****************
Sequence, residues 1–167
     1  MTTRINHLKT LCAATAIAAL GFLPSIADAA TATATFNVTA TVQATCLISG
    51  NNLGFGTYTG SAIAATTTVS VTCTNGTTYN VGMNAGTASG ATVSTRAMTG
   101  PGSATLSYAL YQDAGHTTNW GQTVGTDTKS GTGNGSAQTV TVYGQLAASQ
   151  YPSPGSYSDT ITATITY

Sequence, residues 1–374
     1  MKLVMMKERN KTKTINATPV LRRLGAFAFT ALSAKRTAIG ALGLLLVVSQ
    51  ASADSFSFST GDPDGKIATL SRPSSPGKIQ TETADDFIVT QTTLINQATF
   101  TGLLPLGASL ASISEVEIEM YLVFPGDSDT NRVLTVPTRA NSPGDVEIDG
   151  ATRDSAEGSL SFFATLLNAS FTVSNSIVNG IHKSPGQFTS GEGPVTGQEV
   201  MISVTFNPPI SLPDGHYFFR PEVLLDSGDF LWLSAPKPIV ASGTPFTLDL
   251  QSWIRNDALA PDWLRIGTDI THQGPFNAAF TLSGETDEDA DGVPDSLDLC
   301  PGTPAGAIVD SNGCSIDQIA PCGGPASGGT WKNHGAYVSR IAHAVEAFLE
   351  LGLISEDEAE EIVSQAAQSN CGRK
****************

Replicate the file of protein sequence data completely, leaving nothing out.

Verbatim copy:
Sequence, residues 1–167
     1  MTTRINHLKT LCAATAIAAL GFLPSIADAA TATATFNVTA TVQATCLISG
    51  NNLGFGTYTG SAIAATTTVS VTCTNGTTYN VGMNAGTASG ATVSTRAMTG
   101  PGSATLSYAL YQDAGHTTNW GQTVGTDTKS GTGNGSAQTV TVYGQLAASQ
   151  YPSPGSYSDT ITATITY

Sequence, residues 1–374
     1  MKLVMMKERN KTKTINATPV LRRLGAFAFT ALSAKRTAIG ALGLLLVVSQ
    51  ASADSFSFST GDPDGKIATL SRPSSPGKIQ TETADDFIVT QTTLINQATF
   101  TGLLPLGASL ASISEVEIEM YLVFPGDSDT NRVLTVPTRA NSPGDVEIDG
   151  ATRDSAEGSL SFFATLLNAS FTVSNSIVNG IHKSPGQFTS GEGPVTGQEV
   201  MISVTFNPPI SLPDGHYFFR PEVLLDSGDF LWLSAPKPIV ASGTPFTLDL
   251  QSWIRNDALA PDWLRIGTDI THQGPFNAAF TLSGETDEDA DGVPDSLDLC
   301  PGTPAGAIVD SNGCSIDQIA PCGGPASGGT WKNHGAYVSR IAHAVEAFLE
   351  LGLISEDEAE EIVSQAAQSN CGRK